Please feel free to comment.
The weather forecast was just about perfect, a light southerly breeze that would provide near millpond conditions. Having not fished the area before, the first session was to be a day session, fishing into the dark if required. The tide was around nine metres!, so I didn't know quite was to expect with regards to tidal flow and the ability to anchor comfortably. My local yak fishing partner joined me for the day.
The mark we were fishing was a reef very close inshore, literally within a couple of hundred metres of the shore, and the paddle to the mark was a short one. I'd taken a selection of bait, mackerel, crab and squid. A full side of mackerel is very versatile and can catch a variety of species such as conger, bass, cod, rays, etc. The wires traces were used at all times because of the chance of a conger.
The tide was running quite hard though the water depth, initially around 6 metres, meant lighter weights of around 4oz were sufficient to hold bottom. The mackerel bait was getting constant attention and it wasn't long before I hooked into another conger, and this was definitely a better fish. After a few minutes it was alongside and in the yak for a quick photo before removing the hook and returning it.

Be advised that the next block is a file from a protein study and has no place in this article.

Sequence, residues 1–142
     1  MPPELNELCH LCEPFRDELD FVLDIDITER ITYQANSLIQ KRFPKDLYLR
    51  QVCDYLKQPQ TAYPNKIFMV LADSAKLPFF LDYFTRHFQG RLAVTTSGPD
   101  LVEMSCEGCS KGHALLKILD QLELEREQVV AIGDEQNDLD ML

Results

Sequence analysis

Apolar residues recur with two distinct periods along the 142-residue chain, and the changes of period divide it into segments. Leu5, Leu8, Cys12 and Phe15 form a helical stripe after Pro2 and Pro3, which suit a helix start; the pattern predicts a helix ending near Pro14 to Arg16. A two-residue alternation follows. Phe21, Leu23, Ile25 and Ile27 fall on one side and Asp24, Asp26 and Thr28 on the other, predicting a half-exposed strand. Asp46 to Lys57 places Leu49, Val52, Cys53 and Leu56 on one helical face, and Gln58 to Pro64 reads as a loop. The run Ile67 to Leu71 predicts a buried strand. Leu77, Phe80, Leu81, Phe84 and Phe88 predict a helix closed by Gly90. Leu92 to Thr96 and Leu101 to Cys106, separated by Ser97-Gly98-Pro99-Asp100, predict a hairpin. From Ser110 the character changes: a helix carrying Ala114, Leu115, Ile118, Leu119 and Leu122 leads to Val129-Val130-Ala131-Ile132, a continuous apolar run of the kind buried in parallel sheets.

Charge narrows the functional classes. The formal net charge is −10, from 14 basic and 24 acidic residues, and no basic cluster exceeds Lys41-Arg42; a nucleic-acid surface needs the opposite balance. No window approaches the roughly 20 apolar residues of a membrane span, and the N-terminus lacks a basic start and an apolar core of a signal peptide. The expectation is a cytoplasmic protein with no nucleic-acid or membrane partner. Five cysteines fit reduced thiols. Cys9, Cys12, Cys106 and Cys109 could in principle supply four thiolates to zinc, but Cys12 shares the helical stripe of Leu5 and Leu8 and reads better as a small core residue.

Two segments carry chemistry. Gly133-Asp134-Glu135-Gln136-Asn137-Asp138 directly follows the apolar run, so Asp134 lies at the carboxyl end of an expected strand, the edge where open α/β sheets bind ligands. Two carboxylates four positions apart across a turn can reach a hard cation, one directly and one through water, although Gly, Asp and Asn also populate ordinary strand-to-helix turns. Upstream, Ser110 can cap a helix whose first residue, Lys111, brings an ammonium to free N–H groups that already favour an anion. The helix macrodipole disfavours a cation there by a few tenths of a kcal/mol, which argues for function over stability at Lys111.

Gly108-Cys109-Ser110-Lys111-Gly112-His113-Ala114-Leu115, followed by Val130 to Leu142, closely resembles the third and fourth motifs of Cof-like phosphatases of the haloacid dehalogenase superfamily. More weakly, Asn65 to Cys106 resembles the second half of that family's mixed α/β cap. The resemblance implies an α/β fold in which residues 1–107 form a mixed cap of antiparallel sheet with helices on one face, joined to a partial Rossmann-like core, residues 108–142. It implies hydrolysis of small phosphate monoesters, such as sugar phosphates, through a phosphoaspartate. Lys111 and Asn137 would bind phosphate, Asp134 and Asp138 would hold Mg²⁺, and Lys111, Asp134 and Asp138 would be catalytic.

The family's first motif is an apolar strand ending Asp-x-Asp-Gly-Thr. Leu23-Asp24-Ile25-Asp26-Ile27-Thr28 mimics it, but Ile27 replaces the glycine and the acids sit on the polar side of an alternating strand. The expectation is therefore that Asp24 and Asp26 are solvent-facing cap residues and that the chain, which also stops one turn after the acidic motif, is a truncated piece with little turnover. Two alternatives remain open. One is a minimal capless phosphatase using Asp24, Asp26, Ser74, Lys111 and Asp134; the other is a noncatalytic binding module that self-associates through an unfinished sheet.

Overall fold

The T-bar disgorger was earning its keep, keeping my fingers well clear of those teeth!. I varied the baits on the other rod, using crab and squid, though it was getting very little interest.
A gentle tapping showed that a conger was messing with the mackerel and it wasn't long before yet another conger was stripping line from the reel. I try to fish as light as possible and it was cracking fun with my 6lb rod and small ABU reel. This fish was fighting hard and it was quite some time before it made an appearance. A few dives were made for the bottom though it finally came close enough for me to grab the leader. These fish have a lot of power and can dive hard without warning so it's wise to have a rag wrapped around your hand whilst handling the line.
I almost paid the penalty for switching to a lighter conger rig when one particular fish fought very hard in the tide and I probably applied a little too much leverage at times. The fish wasn't lost, though as can be seen from the photo below it was a little too close!. Also, the cost of only using one swivel whereas I normally use two - line twist!